e-ISSN: 2279-0853, p-ISSN: 2279-0861.Volume 17, Issue 11 Ver. 2 (November. 2018), PP 67-71
Oral Hygiene Behavior during Treatment with Fixed Orthodontic
Sandra Atanasova, Sofija Carceva Salja, Sanja Naskova, Julija Zarkova
Atanasova, Ljubica Prosheva
Faculty of Medical Sciences, Dental Medicine, University GoceDelcev, Shtip, Republic of Macedonia Corresponding Author: Sandra Atanasova
Abstract:Maintaining good oral hygiene, reducing the presence of dental plaque in the mouth is an importantpart of the everyday lives of patients. The importance is even greater in patients undergoing orthodontic treatment. The aim of this study was to assess the oral hygiene behavior among the patients during orthodontic treatment with fixed appliances. One hundred and two orthodontic patients (65 female) and (37 male) treated with fixed appliances were studied. Patients were requested to fill out a structured questionnaire about oral hygiene behavior after placement of fixed orthodontic appliances. Results showed that 65.68 % from the patients brush their teeth twice a day. Most of them, 68.63% use orthodontic tooth brush and 78.43% use fluorid toothpaste. 33.33% from the patients use interdental brushes and 81.37% of them are using mouthwash solutions. Percentage of regular and occasional uses of dental floss were 7.84% and 21.57%. Oral hygiene instructions are necessary throughout the entire orthodontic treatment and they need to be strengthened. Patients undergoing fixed orthodontic treatment are required to be educated and motivated to maintain their oral hygiene on a high level.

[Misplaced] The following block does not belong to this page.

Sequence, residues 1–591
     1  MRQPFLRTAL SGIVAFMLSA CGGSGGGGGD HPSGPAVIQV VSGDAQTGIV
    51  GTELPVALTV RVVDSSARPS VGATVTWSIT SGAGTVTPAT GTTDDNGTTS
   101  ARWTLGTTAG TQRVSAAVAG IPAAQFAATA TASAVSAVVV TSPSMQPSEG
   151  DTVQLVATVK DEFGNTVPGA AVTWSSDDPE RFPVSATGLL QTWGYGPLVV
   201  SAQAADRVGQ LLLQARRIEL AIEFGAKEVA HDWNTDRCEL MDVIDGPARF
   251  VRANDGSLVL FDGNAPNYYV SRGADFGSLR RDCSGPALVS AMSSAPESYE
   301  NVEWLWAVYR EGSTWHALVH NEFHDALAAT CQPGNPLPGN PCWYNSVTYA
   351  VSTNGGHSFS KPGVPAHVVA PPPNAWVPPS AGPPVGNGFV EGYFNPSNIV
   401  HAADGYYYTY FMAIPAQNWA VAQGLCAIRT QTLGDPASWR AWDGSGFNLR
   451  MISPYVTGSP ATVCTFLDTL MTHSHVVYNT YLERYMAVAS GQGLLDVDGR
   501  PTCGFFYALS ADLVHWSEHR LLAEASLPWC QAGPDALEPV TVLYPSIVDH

Keywords:Dental floss,Interdental brushes,Mouthwash solutions, Oral health, Orthodontic treatment
--- --- Date of Submission: 28-10-2018 Date of acceptance: 14-11-2018